SANTA CLARA, Calif. – A top Nvidia engineer is calling for a move to 450mm wafers as one part of the solution to the growing complexity, cost and time-to-market challenges in chip design.
A diverse host of new technologies and methods will be needed to keep the industry on track to profitably deliver a trillion-transistor device by the end of the decade, said Sameer Halepete, vice president of VLSI engineering at Nvidia. “The challenges are similar to what they were before, and though their nature has changed, I’m very confident we will surmount them,” Halepete said in a keynote at a Mentor Graphics user conference here.
The industry needs to move to 450mm wafers to deal with the increasing number of masks and process steps required to make chips, he told EE Times in a discussion before the keynote. The larger wafers would spread the costs out among more chips and reduce the processing time per chip, he said.
However, Halapete said he is not seeing any signs the shift to the larger wafers will come in time for the 14nm process node. That’s the next big jump after the 28nm chips Nvidia and others are just starting to deliver.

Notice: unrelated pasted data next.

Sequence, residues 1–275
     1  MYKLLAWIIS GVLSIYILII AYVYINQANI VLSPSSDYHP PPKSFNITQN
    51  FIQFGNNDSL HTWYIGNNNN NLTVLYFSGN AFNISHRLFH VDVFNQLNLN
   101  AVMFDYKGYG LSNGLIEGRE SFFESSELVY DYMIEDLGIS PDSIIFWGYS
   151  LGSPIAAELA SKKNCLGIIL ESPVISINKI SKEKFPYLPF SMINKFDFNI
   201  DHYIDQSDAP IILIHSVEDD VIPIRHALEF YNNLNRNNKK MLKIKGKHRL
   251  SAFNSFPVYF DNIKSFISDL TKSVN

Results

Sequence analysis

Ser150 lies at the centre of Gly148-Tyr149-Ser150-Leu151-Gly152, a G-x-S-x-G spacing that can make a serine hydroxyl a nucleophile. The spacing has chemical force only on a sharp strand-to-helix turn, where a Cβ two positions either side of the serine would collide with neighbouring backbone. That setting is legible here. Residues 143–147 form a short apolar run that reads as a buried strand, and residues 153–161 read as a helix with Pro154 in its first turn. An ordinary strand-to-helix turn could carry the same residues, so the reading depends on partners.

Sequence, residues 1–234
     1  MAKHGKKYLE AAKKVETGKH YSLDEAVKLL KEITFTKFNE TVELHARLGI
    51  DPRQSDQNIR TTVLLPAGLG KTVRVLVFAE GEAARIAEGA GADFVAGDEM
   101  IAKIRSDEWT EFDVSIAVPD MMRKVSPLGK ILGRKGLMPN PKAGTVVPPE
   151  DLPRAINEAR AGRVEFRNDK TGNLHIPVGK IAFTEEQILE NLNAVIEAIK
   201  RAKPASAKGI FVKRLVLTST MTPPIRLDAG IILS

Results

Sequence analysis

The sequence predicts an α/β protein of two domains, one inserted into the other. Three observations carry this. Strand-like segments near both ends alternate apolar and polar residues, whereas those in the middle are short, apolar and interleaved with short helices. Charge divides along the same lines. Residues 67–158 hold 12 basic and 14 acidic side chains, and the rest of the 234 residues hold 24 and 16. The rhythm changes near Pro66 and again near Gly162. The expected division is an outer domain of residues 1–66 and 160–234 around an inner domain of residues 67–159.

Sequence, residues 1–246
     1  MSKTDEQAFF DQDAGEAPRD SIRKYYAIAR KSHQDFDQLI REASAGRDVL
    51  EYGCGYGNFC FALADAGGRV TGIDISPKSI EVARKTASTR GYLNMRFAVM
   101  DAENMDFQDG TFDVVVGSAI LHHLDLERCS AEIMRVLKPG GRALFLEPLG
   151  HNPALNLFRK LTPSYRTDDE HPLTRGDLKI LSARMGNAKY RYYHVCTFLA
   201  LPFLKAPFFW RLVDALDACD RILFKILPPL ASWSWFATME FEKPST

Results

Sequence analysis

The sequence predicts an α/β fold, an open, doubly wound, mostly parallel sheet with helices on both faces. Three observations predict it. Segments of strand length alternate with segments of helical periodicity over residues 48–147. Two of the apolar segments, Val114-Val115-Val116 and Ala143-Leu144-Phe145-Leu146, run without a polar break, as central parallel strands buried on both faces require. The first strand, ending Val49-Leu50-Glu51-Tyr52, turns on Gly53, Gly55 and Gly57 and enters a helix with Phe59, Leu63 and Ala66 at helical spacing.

Indeed, it will be difficult to “make the economics work out,” for 450mm wafers, said Wally Rhines, chief executive of Mentor in a talk with EE Times after his keynote here. Five companies including Intel, Samsung and TSMC now account two-thirds all purchases of the chip-making equipment, and they are the ones who need the larger wafers most, he said.
“These companies will have to make the shift happen because many [smaller] companies won’t be able to take advantage of [the larger wafers] for a long time,” Rhines said. The top chip makers “are powerful enough” to drive the shift “but they need to make investments in a judicious way,” he said.
Nvidia’s call for 450mm wafers comes as it and many other fabless companies are dealing with a shift in the business model of TSMC. The Taiwan foundry giant started charging customers for each wafer rather than for each working chip with the 40nm generation, a business model TSMC is said to now use broadly.
The move means fabless companies must assume more of the risk of low yields. Other foundries are expected to adopt the TSMC model eventually, Halepete said.